On-Line Geometric Modeling Notes


In 1974, George Chaikin [1] gave a lecture at the University of Utah in which he specified a novel procedure for generating curves from a limited number of points. This algorithm is interesting as it was one of the first corner cutting or refinement algorithms specified to generate a curve from a set of control points, or control polygon. The algorithm had been largely forgotten by the graphics/geometric-modeling community in the flurry of activity studying B-spline curves and surfaces, as it has been shown to generate a quadratic uniform B-spline curve. However, researchers have now drifted away from the rigidity of curve and surface models based upon an underlying analytical form, and the basic paradigm of Chaikin - his curves were generated by successive refinement of a control polygon - is now utilized to generate a wide variety of curve and surface types.

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The Corner-Cutting Paradigm

Chaikin had a different idea. Researchers since Bézier had been working with curves generated by control polygons but had focused their analysis on the underlying analytical representation, frequently based upon Bernstein polynomials. Chaikin decided to develop algorithms that worked with the control polygon directly - so-called geometric algorithms. His curve generation scheme is based upon ``corner cutting'' where the algorithm generates a new control polygon by cutting the corners off the original one. The figure below illustrates this idea, where an initial control polygon has been refined into a second polygon (slightly offset) by cutting off the corners of the first sequence.

\includegraphics {figures/chaikin-corner-cutting}

Clearly we could then take this second control polygon and cut the corners off it, producing a third sequence, etc. In the limit, hopefully we would have a curve. This was Chaikin's idea.

Chaikin's Method

Chaikin utilized fixed ratios on cutting off his corners, so that they were all cut the same. When written down mathematically, Chaikin's method proceeds as follows: Given a control polygon $ \left\{ {\bf P} _0, {\bf P} _1, ..., {\bf P} _n \right\}$, we refine this control polygon by generating a new sequence of control points

$\displaystyle \left\{ {\bf Q} _0, {\bf R} _0, {\bf Q} _1, {\bf R} _1, ..., {\bf Q} _{n-1}, {\bf R} _{n-1} \right\}

where each new pair of points $ {\bf Q} _i, {\bf R} _i$ are to be taken taken to be at a ratio of $ \frac{1}{4}$ and $ \frac{3}{4}$ between the endpoints of the line segment $ \overline{ {\bf P} _i {\bf P} _{i+1}}$.

\includegraphics {figures/chaikin-ratio}

That is

$\displaystyle {\bf Q} _i$ $\displaystyle =$ $\displaystyle \frac{3}{4} {\bf P} _i + \frac{1}{4} {\bf P} _{i+1}$  
$\displaystyle {\bf R} _i$ $\displaystyle =$ $\displaystyle \frac{1}{4} {\bf P} _i + \frac{3}{4} {\bf P} _{i+1}$  

These $ 2n$ new points can be considered a new control polygon - a refinement of the original control polygon.

Example - How Chaikin's Algorithm Works

To give an example of Chaikin's Algorithm, consider the following control polygon:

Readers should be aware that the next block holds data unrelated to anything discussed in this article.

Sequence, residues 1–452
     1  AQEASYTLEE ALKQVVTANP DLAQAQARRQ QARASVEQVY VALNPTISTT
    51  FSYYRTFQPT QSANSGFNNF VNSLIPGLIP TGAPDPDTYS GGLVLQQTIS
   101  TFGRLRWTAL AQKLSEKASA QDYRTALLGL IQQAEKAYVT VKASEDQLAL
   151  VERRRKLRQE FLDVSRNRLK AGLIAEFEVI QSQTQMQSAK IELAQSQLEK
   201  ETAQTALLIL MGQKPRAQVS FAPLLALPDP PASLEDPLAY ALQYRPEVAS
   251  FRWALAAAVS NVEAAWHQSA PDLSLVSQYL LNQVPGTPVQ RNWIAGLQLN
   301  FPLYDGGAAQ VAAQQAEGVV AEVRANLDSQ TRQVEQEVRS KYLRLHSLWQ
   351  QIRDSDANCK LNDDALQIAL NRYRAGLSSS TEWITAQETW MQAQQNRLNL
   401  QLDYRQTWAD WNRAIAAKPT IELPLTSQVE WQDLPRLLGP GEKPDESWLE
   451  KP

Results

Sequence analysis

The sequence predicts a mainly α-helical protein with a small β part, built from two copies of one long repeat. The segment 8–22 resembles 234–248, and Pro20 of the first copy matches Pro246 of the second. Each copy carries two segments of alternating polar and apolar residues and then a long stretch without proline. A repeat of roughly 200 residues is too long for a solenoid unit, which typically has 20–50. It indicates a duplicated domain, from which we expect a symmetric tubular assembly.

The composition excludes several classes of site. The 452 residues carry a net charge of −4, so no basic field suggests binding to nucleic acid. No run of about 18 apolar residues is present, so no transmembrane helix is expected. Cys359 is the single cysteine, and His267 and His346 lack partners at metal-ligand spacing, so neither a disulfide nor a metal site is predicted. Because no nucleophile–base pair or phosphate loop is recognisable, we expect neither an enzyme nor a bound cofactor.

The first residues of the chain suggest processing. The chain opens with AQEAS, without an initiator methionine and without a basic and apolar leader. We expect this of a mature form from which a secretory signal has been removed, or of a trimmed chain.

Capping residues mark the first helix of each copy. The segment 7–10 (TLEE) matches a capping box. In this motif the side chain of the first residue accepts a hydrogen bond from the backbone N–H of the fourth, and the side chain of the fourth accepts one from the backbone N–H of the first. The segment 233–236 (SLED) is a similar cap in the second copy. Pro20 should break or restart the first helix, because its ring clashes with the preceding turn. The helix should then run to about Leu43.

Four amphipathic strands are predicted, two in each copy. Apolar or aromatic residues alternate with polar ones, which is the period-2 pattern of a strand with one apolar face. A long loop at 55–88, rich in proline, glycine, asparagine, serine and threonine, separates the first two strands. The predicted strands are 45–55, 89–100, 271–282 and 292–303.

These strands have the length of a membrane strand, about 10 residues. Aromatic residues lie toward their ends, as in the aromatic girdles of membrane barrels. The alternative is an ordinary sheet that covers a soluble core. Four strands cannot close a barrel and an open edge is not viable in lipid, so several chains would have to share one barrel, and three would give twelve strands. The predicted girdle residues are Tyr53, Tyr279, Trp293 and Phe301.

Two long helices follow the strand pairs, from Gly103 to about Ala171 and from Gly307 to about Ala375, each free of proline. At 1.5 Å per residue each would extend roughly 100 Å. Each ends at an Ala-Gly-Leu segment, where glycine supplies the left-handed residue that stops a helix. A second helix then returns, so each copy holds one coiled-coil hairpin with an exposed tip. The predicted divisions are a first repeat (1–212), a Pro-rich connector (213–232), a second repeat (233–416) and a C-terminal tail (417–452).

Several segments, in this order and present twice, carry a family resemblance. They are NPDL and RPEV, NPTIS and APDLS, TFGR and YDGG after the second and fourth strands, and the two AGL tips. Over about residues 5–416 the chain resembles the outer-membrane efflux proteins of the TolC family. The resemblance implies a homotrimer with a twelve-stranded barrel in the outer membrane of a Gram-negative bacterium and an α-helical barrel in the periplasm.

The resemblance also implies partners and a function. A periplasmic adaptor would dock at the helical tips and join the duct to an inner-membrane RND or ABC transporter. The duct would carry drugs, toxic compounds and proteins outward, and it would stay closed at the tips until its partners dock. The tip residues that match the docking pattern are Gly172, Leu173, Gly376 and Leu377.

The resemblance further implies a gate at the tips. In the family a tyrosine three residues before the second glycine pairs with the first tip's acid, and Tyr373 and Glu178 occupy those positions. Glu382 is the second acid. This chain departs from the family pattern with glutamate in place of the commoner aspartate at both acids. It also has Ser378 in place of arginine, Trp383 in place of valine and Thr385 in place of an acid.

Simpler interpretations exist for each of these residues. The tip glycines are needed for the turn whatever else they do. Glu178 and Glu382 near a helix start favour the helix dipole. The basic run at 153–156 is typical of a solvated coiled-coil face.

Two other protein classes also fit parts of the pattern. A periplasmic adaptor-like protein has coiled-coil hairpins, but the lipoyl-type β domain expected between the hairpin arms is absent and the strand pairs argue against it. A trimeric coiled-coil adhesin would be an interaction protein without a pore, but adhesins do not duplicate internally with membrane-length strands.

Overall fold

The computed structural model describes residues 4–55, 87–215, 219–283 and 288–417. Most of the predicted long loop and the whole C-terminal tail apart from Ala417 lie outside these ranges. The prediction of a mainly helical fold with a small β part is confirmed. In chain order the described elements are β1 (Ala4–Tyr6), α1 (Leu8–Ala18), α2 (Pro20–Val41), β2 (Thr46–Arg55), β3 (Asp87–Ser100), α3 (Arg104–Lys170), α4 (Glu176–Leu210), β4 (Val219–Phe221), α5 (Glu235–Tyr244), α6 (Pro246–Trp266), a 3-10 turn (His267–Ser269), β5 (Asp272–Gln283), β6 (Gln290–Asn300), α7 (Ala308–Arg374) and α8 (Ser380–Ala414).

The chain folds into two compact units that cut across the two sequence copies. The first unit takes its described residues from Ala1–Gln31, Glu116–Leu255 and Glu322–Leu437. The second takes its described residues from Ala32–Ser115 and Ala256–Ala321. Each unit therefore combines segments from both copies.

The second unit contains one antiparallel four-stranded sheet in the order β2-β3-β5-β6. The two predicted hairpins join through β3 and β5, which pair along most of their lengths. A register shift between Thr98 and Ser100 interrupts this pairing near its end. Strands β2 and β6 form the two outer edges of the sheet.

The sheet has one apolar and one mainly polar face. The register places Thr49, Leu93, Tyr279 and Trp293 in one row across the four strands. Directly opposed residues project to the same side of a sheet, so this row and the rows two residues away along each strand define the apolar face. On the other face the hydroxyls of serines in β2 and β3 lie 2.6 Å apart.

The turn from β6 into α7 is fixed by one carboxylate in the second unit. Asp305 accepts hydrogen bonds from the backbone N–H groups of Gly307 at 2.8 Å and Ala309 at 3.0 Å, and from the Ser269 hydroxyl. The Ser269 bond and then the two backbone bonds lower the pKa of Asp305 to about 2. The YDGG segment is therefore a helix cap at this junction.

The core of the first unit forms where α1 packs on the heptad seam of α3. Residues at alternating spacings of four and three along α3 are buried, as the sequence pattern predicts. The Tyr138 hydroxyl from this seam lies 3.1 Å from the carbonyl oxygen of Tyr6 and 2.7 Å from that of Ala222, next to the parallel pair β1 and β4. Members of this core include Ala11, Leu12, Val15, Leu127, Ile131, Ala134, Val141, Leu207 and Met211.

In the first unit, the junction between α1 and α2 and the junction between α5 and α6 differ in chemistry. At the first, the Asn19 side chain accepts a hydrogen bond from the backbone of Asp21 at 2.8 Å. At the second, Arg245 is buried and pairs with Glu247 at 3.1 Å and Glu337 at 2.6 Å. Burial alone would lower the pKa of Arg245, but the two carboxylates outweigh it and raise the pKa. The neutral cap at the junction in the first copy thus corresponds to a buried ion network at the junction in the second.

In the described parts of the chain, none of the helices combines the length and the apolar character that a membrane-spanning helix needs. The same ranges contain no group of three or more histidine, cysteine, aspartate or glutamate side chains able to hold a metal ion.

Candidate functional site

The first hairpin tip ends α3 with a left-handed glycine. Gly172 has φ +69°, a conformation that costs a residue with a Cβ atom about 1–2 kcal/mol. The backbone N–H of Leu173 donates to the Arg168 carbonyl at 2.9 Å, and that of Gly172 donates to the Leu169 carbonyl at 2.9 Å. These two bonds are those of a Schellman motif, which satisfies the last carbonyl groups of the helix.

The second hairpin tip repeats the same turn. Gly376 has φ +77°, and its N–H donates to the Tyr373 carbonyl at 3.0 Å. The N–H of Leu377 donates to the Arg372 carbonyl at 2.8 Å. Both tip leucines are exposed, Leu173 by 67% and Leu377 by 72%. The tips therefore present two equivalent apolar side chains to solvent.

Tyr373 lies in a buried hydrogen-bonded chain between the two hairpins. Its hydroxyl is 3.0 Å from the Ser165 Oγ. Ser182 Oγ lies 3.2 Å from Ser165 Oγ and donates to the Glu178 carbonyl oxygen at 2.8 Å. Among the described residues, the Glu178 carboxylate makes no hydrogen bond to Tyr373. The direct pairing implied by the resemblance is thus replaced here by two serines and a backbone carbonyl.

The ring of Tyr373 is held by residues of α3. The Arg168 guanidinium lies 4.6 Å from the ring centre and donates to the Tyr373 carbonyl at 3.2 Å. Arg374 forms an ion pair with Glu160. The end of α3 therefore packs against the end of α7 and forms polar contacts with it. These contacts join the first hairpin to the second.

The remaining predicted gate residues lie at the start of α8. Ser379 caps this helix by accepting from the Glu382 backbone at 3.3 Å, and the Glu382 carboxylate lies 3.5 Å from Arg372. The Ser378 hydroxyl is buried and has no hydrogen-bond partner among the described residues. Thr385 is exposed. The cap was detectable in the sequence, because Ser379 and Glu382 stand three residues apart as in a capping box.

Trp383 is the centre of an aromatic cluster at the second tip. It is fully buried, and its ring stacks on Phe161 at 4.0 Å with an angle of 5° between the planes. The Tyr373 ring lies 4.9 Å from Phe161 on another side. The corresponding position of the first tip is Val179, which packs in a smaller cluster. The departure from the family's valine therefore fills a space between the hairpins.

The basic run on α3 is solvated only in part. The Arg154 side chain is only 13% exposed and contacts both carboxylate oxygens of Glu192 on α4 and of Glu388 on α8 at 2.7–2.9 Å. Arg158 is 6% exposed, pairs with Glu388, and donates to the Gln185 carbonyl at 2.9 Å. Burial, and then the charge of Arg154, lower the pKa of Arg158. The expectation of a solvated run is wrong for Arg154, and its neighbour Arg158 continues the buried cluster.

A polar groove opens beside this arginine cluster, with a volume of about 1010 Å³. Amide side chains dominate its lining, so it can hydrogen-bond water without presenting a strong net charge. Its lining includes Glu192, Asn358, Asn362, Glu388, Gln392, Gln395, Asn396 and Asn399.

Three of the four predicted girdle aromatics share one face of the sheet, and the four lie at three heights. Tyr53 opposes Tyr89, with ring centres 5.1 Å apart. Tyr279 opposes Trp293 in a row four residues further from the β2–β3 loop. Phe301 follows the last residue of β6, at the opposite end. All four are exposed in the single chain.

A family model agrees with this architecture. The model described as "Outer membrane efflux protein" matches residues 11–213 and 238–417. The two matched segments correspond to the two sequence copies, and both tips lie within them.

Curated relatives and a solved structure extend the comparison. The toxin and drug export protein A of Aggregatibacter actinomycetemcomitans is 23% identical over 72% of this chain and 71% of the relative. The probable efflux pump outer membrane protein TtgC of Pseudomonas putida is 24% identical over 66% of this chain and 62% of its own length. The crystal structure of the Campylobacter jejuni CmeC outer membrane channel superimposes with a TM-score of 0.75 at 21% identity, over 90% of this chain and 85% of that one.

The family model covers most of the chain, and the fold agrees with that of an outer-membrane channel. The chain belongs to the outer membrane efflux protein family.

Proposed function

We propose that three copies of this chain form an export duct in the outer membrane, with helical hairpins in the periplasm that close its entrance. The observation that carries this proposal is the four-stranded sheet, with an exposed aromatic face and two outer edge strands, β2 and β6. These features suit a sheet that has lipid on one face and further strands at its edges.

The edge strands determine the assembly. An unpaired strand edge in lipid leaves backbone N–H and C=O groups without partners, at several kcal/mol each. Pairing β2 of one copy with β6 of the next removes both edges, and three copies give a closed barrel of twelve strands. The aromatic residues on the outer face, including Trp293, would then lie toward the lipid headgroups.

\includegraphics {figures/chaikin-1}

Chaikin's algorithm generates the points $ {\bf Q} _i$ and $ {\bf R} _i$ and uses these points to refine the curve and obtain the control polygon shown in the figure below

\includegraphics {figures/chaikin-2}

These points are in turn utilized to generate a new refinement,

\includegraphics {figures/chaikin-3}

and again, these points are utilized to obtain another refinement, etc. The following illustration shows the initial control polygon, the third control polygon in the sequence, and the final curve.

\includegraphics {figures/chaikin-4}

Example - A Closed Curve

To illustrate Chaikin's curve on a closed control polygon, consider the following figure.

\includegraphics {figures/chaikin-10}

In this case, the control point indices are taken modulo $ n+1$ (or 4, in the case of the figure). We can still apply Chaikin's method to this figure, obtaining

\includegraphics {figures/chaikin-11}

This new control polygon can then be utilize to obtain a second refinement as in the following figure

\includegraphics {figures/chaikin-12}

and it is clear that we could continue this process indefinitely. For graphics purposes, we will stop after a number of refinements and approximate the curve by connecting the points of the resulting control polygon by straight lines. The initial control polygon and the second refinement are shown in the following figure along with the resulting curve.

\includegraphics {figures/chaikin-13}


Chaikin specified a simple scheme by which curves could be generated from a given control polygon. The idea is unique in that the underlying mathematical description is ignored in favor of a geometric algorithm that just selects new control points along the line segments of the original control polygon.

It should be noted that Chaikin's curve has been shown to be equivalent to a quadratic B-spline curve [2] (a piecewise quadratic Bézier curve). However, Chaikin's method avoids the analytical definition of B-splines and provides a simple, elegant curve drawing mechanism.


An algorithm for high speed curve generation.
Computer Graphics and Image Processing 3 (1974), 346-349.

On Chaikin's algorithm.
IEEE Computer Graphics and Applications 4, 3 (1975), 304-310.

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Ken Joy